I said on Saturday that finals are different, and that Tipperary would have to stand up to Kilkenny physically – you can certainly say we saw that. In fact, I didn’t expect them to be as physical as they were. Mind you, I did say I couldn’t see them winning – that’s where I was nearly wrong. Nearly, because this was really close.
All last week, the lead-up and the hype had been about one game, and one game only – the rugby match in Croke Park. What will people be talking about this week? If right is right it will again be about one game, and one game only – and I don’t mean what happened between Munster and Leinster.
This game was a great introduction to the summer, and if it’s a foretaste of what we can expect, then we could be in for a good year. What baffles me though is why didn’t the GAA market this more in the last few weeks? Why doesn’t the GAA do more promotion on their own games? Why do they rely on everyone else to do the job they should be doing themselves? To the game:
I met a Tippman from Littleton going into the game, Paddy Cooney, who told me he remembered some great games in past years between Tipperary and Kilkenny, named some great names – I bet Paddy will be talking about this one for a few years to come!
Tipperary got a dream start, two goals from James Woodlock and John O’Brien, who was picked out brilliantly with a crossfield pass from Shane McGrath. Then, within 15 minutes of the start, they lost two of their half-back line, Declan Fanning falling foul of the yellow-card experiment, Shane Maher pulling up with a hamstring injury – given that they had started without Conor O’Mahony, that’s a whole starting half-back line gone.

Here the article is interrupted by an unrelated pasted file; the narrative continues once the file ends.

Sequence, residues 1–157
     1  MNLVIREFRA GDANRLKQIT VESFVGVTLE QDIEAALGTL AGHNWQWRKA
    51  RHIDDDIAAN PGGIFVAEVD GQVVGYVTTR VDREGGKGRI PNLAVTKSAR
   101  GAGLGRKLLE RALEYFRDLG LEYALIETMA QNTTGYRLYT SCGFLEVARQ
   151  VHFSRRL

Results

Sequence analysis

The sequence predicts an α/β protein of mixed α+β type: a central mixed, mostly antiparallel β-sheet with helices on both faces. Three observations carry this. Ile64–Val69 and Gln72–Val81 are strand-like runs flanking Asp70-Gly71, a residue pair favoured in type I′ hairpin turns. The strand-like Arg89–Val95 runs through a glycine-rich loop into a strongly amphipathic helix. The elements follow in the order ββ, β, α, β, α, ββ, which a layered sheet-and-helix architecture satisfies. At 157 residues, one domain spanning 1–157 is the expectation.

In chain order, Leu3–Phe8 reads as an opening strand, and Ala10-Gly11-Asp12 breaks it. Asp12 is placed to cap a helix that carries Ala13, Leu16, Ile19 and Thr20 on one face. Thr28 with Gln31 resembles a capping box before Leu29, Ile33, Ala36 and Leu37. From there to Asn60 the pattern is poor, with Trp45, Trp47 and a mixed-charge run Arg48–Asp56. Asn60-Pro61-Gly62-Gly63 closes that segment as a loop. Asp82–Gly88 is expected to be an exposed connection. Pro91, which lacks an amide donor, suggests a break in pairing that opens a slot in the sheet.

To their credit, they managed it well and one guy who stood out for me yesterday was the youngster who started at centre-back, Padraig Maher. That was a good move by Tipp early on, a good switch from the wing, where he was named.
There were others who stood up for Tipp yesterday, some of the youngsters who had shown such promise at underage in recent years. Paddy Stapleton, Brendan Maher, Noel McGrath, Seamus Callanan and Shane McGrath all stepped forward and showed that there is life in Tipp yet. A lot of life.
Ah, but, Kilkenny – look at who they were missing, look at who they lost during the game; Noel Hickey, Richie Power, Cha Fitzpatrick, Derek Lyng, Michael Fennelly, all missing at the start, though Cha did come in, and showed he hadn’t lost a step. Brian Hogan, Henry Shefflin, Michael Kavanagh, Martin Comerford, all lost during the course of the game, yet they still manage to withstand the Tipperary onslaught, turn things around, and pull out the win in extra-time.
LOOK at those who stepped up. People were beginning to doubt Richie Hogan, but not anymore, not after this. Aidan Fogarty was superb in the corner, TJ Reid worked his boots off all over the field, John Tennyson was outstanding when he moved to centre-back to replace Brian Hogan, especially in extra-time, Michael Grace likewise when he was introduced while midfielder Michael Rice was outstanding.
None of these are yet household names, not outside Kilkenny – they will be.
Well done to all concerned. Kilkenny won another national title yesterday under Brian Cody, but it came the old-fashioned way – they earned it. Tipperary lost nothing, in fact I would say they gained, or regained – some of the old steel that used to be such a mark of their style.
Roll on the championship, a promise of good times ahead.